Joe Barrera

Today, Sept. 15 is the first day of Hispanic Heritage Month. So, what is it all about? To answer that we can first explain that “Hispanic heritage” also includes Native American heritage because so-called Hispanic people are almost always a mixture of Spanish and Indian blood, culture and history. Unfortunately, the Indian side often gets short shrift in the history books. This distorts Latino/Mexican/Chicano history because we are incomplete as a people unless we reclaim our native heritage. It’s vital to understand that as Latinos we incorporate a unique blend of Spanish and Indian culture.

We can realize this by going way back to Alvar Nunez Cabeza de Vaca. In 1528, Cabeza de Vaca and other Spanish soldiers were shipwrecked on Galveston Island off the coast of Texas. Galveston is now famous as a spring break destination. But this was no spring break. It was in November, it was cold, and the Spaniards, conquistadores who had started exploring North America in Florida, lost their crudely made boats in which they had hoped to reach Mexico after having been abandoned by their ships. In trying to launch the boats they lost them in the heavy surf, with all their clothes and weapons. They were then defenseless and as naked as Adam and Eve. Nakedness for Europeans renders them psychologically vulnerable and they soon despaired, gave up and began to drop like flies.

On top of that they were then at the mercy of the local Indians, Karankawas, tall, robust people who did not brook nonsense from the newcomers. Cabeza de Vaca, which means head of the cow, was called by his title, given to an ancestor who had rendered service to the king. This man, a peasant, had led a Christian army by a secret path marked by a cow skull to the rear of a Muslim army which the Christians then defeated.

This was the battle of Las Navas de Tolosa, in one of the endless wars between Moors and Christians, which had such strong influence on the history of Spain.

Only Cabeza de Vaca and three other men survived. The others were Andres Dorantes, Alonso del Castillo and the slave of Dorantes, a man called Esteban, or Estevanico. Esteban’s identity is uncertain. Some believe he was a Moroccan Berber, others believe he was a sub-Saharan black man. At any rate, the subsequent epic journey of these four through what is now the U.S. Southwest marked the beginning of Spanish possession of the vast lands and the beginnings of Mexican American (Chicano) history in the United States. It is significant to note that this history includes the first person of color to be memorialized in the history of the region. C. de Vaca is careful to note Esteban’s role in his memoir of the expedition, La Relacion, an account of the shipwreck and misfortunes which they endured during eight years with the Indians, wandering with the native tribes in what are now the states of Texas, Oklahoma, New Mexico, and the Mexican states of Chihuahua, Coahuila, Durango and Sinaloa.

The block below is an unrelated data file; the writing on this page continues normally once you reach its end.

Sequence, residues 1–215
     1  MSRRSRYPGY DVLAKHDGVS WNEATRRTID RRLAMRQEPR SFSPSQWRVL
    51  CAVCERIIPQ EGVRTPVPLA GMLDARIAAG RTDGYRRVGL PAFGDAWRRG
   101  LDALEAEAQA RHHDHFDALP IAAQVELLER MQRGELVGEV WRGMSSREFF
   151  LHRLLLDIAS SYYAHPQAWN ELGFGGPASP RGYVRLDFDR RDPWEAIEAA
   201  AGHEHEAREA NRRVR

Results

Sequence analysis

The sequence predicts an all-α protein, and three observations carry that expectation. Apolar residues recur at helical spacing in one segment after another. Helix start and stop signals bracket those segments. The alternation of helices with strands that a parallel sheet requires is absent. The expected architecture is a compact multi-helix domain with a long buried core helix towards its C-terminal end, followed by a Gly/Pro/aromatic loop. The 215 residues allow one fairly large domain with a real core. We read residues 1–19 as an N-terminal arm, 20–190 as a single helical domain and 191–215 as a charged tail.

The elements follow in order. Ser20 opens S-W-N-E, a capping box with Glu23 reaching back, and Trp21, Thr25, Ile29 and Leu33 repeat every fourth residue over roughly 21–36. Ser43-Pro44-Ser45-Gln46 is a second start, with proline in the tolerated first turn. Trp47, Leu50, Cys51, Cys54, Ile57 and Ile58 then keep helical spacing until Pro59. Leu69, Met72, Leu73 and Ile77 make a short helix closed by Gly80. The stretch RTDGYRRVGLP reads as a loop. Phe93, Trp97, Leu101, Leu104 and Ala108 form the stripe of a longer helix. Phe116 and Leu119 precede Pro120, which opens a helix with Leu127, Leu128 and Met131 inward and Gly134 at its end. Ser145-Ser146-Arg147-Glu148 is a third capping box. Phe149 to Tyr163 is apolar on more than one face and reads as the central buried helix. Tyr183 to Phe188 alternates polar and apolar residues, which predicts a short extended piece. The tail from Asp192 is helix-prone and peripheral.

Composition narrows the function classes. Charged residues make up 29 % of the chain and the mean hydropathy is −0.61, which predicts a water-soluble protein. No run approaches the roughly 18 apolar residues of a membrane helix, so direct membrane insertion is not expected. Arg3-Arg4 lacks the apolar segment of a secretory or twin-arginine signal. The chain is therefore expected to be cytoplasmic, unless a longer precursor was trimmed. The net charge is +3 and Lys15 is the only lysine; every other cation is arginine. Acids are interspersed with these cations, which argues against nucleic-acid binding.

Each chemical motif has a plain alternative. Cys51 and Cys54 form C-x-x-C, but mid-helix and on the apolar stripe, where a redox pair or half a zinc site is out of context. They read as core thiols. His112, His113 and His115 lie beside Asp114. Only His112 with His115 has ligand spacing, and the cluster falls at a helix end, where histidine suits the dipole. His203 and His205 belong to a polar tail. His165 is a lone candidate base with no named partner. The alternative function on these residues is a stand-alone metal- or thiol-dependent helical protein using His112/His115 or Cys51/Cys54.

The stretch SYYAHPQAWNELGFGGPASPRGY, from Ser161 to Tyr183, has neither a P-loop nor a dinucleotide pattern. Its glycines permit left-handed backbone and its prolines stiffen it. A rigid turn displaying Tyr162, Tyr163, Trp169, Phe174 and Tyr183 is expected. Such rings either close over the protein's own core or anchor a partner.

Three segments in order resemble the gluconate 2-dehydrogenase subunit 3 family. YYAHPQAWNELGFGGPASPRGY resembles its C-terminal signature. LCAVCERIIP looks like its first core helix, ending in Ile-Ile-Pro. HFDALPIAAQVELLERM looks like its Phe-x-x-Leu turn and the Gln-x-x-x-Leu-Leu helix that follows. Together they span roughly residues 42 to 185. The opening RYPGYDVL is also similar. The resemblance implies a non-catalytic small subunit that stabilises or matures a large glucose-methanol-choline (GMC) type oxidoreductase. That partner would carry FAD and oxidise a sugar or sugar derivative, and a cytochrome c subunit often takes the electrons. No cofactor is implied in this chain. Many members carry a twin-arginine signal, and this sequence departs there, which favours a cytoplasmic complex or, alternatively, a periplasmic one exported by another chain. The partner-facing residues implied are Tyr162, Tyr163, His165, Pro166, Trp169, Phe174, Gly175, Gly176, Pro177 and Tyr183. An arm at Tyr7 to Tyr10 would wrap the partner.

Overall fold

During his sojourn C.de Baca undergoes a profound transformation. From a conquistador mentality, a racist attitude of superiority over the natives common to Europeans in the New World, from the brutal, exploitative policies of Spain and all the other European countries who invaded this hemisphere, he changes to a “medicine man” who heals the Indians with Catholic prayers and a loving manner.

He effectively becomes an Indian, learning their languages and customs, understanding that the natives were just as human as he was, identifying with them and becoming a true friend. So closely does he identify with the Indians that he prohibits Spaniards in Mexico, when they finally reach Spanish-ruled lands, to brutalize, pillage, rob, enslave or kill the trilbespeople. So different does he become from other Spaniards, but at the same time remaining a Spaniard, that he is known as the first “mestizo,” not in blood but as the first man to blend European and Indian cultures, to accept equally and make a new, third culture out of them.

Joe Barrera, Ph.D., is the former director of the Ethnic Studies Program at UCCS, a lecturer in U.S. Southwest history, and a combat veteran of the Vietnam War.

Joe Barrera, Ph.D., is the former director of the Ethnic Studies Program at UCCS, a lecturer in U.S. Southwest history, and a combat veteran of the Vietnam War.

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